12 “No, my brother!” she said to him. “Don’t force me! Such a thing should not be done in Israel! Don’t do this wicked thing. 13 What about me? Where could I get rid of my disgrace? And what about you? You would be like one of the wicked fools in Israel. Please speak to the king; he will not keep me from being married to you.” 14 But he refused to listen to her, and since he was stronger than she, he raped her. [Tamar is the precursor to such saints as Maria Goretti – she is not only concerned for herself, but she is also concerned about the sin of the rapist and the glory of God in Israel, even going so far as to offer marriage as an alternative to this immediate gratification. She is a paragon of feminine holiness. Amnon’s desire is surely due in part to such devotion – and that goodness has been twisted in his mind from something to be enjoyed through spiritual friendship into a mere source of carnal and egoistic pleasure. The exertion of himself over Tamar is a pathetic and disordered attempt to revel in her own goodness and innocence.]

15 Then Amnon hated her with intense hatred. In fact, he hated her more than he had loved her. Amnon said to her, “Get up and get out!” [Tamar’s presence now represents Amnon’s egregious sin to him. His fleeting pleasure has passed, and now he is faced with the shame he has brought upon her and himself – and he cannot deal with shame upon himself through repentance, so he becomes zealous for “appropriate separation,” shall we say. Those who wonder how a certain former cardinal could have led the charge against sex abuse – while working to make sure that bishops themselves were not included as being held accountable – can perhaps find here a similar psychological phenomenon at play.]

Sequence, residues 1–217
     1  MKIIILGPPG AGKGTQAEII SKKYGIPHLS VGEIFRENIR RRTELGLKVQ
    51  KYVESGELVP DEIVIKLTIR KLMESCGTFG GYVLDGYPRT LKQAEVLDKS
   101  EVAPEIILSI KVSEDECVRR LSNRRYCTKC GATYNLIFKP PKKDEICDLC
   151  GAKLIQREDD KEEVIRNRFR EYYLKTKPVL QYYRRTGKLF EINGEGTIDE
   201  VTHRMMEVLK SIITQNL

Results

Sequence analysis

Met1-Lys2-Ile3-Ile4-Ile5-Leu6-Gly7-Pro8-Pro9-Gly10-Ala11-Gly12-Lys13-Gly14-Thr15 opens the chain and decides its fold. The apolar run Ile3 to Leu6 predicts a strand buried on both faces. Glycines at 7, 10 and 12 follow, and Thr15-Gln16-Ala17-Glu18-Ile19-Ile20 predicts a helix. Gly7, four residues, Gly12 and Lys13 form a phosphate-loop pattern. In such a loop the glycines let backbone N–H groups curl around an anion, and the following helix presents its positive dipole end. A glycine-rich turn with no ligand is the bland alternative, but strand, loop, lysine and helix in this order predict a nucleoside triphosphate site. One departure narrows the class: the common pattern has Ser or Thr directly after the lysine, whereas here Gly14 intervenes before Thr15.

16 “No!” she said to him. “Sending me away would be a greater wrong than what you have already done to me.”

But he refused to listen to her. 17 He called his personal servant and said, “Get this woman out of my sight and bolt the door after her.” 18 So his servant put her out and bolted the door after her. She was wearing an ornate robe, for this was the kind of garment the virgin daughters of the king wore. 19 Tamar put ashes on her head and tore the ornate robe she was wearing. She put her hands on her head and went away, weeping aloud as she went. [Here is a great symbol for victims of abuse, no doubt.]

20 Her brother Absalom said to her, “Has that Amnon, your brother, been with you? Be quiet for now, my sister; he is your brother. Don’t take this thing to heart.” And Tamar lived in her brother Absalom’s house, a desolate woman.

21 When King David heard all this, he was furious. 22 And Absalom never said a word to Amnon, either good or bad; he hated Amnon because he had disgraced his sister Tamar. [There is perhaps excuse for delayed action, as this all happens within the same family… Whatever the case, the analogy fails with clergy, who are not closely united by flesh and blood but rather by common offices and mandates. The diocesan bishop does not take the place of King David – he does not let “brother priests” behave in this way – nor “brother bishops.”]

23 Two years later, when Absalom’s sheepshearers were at Baal Hazor near the border of Ephraim, he invited all the king’s sons to come there.24 Absalom went to the king and said, “Your servant has had shearers come. Will the king and his attendants please join me?”